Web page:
Meeting a Bard

Meeting a Bard

After our experience with Marie, the artist, we went back to the the Pottery ( to see the other side of this intensely creative man.

Louis Mulcahy started writing poetry at age 65, and was immediately recognized. Wisely, when a publisher asked to put out a book of his poems, he titled it Clogher Quartet, committing the publisher to a series of four. The other three were not far behind. Writing first in Irish Gaelic, then translating himself into English, the poems have the sound of a song, a cadence and intricate rhythm that makes one draw in breath and not release it until the poem is over. We were treated to an hour of his poems, and then shared with him one of our songs. It was not a fair exchange, and we left much the richer.

Here’s the one we’ve integrated into our performance.

That Bright Day

Spade in hand
earthing up potatoes
ears alert for the front door slam
heard only summer peace;
bees and the low close gurgle of secluded pigeons
an occasional vague bark
and the murmuring moan
of a mowing machine
on that bright day so long ago.

all sound shrank
the frail flowers stilled
and turned
towards something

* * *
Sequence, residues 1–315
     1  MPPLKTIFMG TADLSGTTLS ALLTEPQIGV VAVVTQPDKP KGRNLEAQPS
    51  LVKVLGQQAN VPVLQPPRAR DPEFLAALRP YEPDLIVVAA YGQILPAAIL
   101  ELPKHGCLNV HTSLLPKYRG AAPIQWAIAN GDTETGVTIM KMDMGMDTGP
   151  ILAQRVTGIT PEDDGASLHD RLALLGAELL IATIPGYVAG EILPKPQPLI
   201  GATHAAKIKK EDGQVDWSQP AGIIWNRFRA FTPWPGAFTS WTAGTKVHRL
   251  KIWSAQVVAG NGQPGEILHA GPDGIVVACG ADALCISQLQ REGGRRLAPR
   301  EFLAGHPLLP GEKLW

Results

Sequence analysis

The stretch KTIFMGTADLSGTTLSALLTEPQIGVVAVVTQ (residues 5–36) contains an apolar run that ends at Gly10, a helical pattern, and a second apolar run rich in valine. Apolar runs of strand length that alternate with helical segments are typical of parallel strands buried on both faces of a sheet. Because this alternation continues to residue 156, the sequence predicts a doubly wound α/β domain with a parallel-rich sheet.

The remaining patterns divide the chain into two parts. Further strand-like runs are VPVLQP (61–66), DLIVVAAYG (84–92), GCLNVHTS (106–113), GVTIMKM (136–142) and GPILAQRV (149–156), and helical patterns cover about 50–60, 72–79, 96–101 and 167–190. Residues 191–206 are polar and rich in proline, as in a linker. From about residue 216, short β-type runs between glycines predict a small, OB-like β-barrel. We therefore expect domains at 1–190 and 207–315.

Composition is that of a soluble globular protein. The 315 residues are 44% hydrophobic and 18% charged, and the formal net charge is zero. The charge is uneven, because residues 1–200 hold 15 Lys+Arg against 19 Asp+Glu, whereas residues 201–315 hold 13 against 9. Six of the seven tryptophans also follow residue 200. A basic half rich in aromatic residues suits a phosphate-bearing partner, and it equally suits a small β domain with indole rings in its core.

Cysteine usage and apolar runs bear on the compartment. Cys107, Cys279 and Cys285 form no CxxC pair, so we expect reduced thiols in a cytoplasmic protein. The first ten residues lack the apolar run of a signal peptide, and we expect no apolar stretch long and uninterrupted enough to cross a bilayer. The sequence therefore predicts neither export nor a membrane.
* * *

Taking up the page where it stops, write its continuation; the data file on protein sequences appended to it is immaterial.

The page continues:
vaguely sensed;
for in that doorway framed in russet
she stood gazing
shaming summer’s colours
with green eyes
light as the smiling sun;
sun that shone from the golden face
beneath the long red hair.

At twenty-two years
with baby of twenty-two days in arms
quietly looking out
a marvel to lighten the heart
constrict the throat
dissolve the mind
as it did
on that bright day so long ago.

Yesterday at midnight
coming from a visit
to that long-grown baby
sound faded again
and engines eased to a halt
under a moon-mirrored sun

For framed again
amidst wild flowers springing to life
at midnight
in the airport concourse
was that golden girl
green eyed still, red hair gone grey
quietly looking out
for one all set for husbandry
as she did
on that bright day so long ago.